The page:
Goal of research projects: long-term uses for nuclear energy
With the launching of 45projects, the Department of Energy is revitalizing its R&D program for nuclear energy. The projects include research in areas of new reactor designs, proliferation resistant reactors and fuel cycles, advanced nuclear fuel, new technologies for management of nuclear waste, and fundamental nuclear science. Researchers come from 21 universities, 16 private-sector organizations, eight national laboratories, and one federal agency. Awards range from about $100,000 to $1.2 million for work authorized in the first year of funding. Officials of the Nuclear Energy Research Initiative (NERI) selected the 45 projects out of more than 300 proposals it received and put through a peer review process. NERI is a new program that Congress created with a $19 million budget for the current fiscal year. The goal of NERI is to support innovative research into key issues affecting the future use of nuclear energy in the U.S. For further information on NERI, and to see abstracts on the projects selected for research, visit the Office of Nuclear Energy, Science and Technology web site at www.ne.doe.gov.
New official gasoline substitute formed from renewable sources
Uncle Sam has added a new category to its definition of "alternative fuels," namely "P-series fuels." These are blends of ethanol, methyltetrahydrofuran (MTHF), natural gas liquids, and butane. The ethanol and MTHF are expected to come from renewable domestic feedstocks, such as corn, waste paper, cellulosic biomass, agricultural waste, and construction wood waste. The P-series fuels' emissions are generally below those for reformulated gasoline and are well below federal emissions standards. P-series fuels join the list of alternative fuels that includes ethanol, methanol, natural gas, propane, electricity, 100% biodiesel, and hydrogen. You can read the final rule on P-series fuels on the government's Internet site for Energy Efficiency and Renewable Energy at www.eren.doe.gov.
Synthetic vision to help pilots steer clear of trouble
NASA and industry are developing innovative cockpit displays to give airplane crews clear views of their surroundings in bad weather and darkness. The space agency has selected six industry teams to create Synthetic Vision, a virtual-reality display system for cockpits. It offers pilots an electronic picture of what's outside their windows, no matter the weather or time of day. The system would use signals from Global Positioning Satellites, "super-accurate" terrain databases, and graphical displays to produce 3D moving scenes. NASA has committed $5.2 million that will be matched by $5.5 million in industry funds to advance Synthetic Vision projects during the next 18 months. More funds will come later to accelerate commercialization and make some systems available within four to six years. Phone Michael Braukus at (202) 358-1979.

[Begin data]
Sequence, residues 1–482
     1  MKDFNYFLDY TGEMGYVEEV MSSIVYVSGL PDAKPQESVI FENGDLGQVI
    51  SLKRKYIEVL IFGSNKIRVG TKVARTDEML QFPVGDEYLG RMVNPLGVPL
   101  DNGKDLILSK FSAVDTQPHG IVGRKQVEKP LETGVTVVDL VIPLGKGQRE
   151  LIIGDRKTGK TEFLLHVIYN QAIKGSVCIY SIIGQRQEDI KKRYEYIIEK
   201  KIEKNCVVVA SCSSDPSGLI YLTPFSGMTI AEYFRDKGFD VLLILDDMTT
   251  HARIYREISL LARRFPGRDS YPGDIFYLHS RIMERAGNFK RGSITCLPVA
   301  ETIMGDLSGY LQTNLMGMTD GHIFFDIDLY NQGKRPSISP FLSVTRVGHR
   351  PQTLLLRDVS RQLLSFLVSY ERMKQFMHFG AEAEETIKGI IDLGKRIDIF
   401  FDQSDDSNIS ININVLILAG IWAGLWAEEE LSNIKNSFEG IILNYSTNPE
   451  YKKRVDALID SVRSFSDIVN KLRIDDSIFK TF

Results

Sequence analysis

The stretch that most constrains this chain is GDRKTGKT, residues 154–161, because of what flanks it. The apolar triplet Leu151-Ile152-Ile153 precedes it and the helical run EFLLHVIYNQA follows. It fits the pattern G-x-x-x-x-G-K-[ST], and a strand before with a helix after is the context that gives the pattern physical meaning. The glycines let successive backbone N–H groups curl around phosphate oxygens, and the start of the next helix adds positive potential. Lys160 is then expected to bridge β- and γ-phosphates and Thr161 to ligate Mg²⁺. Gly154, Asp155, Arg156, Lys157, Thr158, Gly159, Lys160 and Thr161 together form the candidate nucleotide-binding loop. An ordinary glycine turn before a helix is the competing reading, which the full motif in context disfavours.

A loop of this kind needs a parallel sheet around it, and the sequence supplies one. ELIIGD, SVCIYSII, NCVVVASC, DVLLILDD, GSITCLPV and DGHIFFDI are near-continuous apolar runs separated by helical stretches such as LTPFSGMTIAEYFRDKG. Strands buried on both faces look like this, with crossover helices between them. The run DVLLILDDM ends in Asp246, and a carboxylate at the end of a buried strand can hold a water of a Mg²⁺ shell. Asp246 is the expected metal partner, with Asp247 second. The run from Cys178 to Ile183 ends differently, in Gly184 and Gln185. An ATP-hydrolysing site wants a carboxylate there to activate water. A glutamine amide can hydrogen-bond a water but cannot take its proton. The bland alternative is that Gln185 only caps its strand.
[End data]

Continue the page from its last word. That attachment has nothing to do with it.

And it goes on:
Auto flush and fluid exchange system voted best product
The PF5 Power Flush and Fluid Exchange System is the year's best product from a medium-sized company. That, at least, is the opinion of judges at the National Society of Professional Engineers (Alexandria, VA). Developed by BG Products Inc. (Wichita, KS), the system chemically flushes automatic transmissions of autos and exchanges the old fluid for new. It then treats and conditions the seals. The unit consists of a tank containing two compartments separated by a flexible bladder. Once connected and set, the transmission's internal pump begins transferring used fluid along with suspended deposits into the empty compartment. This pressure on the bladder immediately begins pushing new fluid from the other compartment into the transmission. Best products in other categories included a radiology ultrasound device by GE Medical Systems (Milwaukee, WI), the M-Class All-Activity Vehicle of Mercedes-Benz U.S. International (Tuscaloosa, AL), which also won the "World Car Award" at this year's Geneva Motor Show, and Phototech®, a technology that disinfects and cleans indoor air by photocatalytic oxidation. Phototech's developer is Universal Air Technology (Alachua, FL). Contact Elaine Costello at (703) 684-2884.
Energy efficiency gains sought for future HVAC&R equipment
What big improvements can be made in the energy efficiency of heating, ventilation, air conditioning, and refrigeration systems? Seeking answers is a multi-year program named HVAC&R Research for the 21st Century (21-CR). The Air-Conditioning & Refrigeration Technology Institute (Arlington, VA) and the U.S. Department of Energy have agreed to provide funds for 21-CR, which includes research into indoor air quality. In this first year of financial support, the federal government is kicking in $1 million. Phone Glenn Hourahan at (703) 524-8800.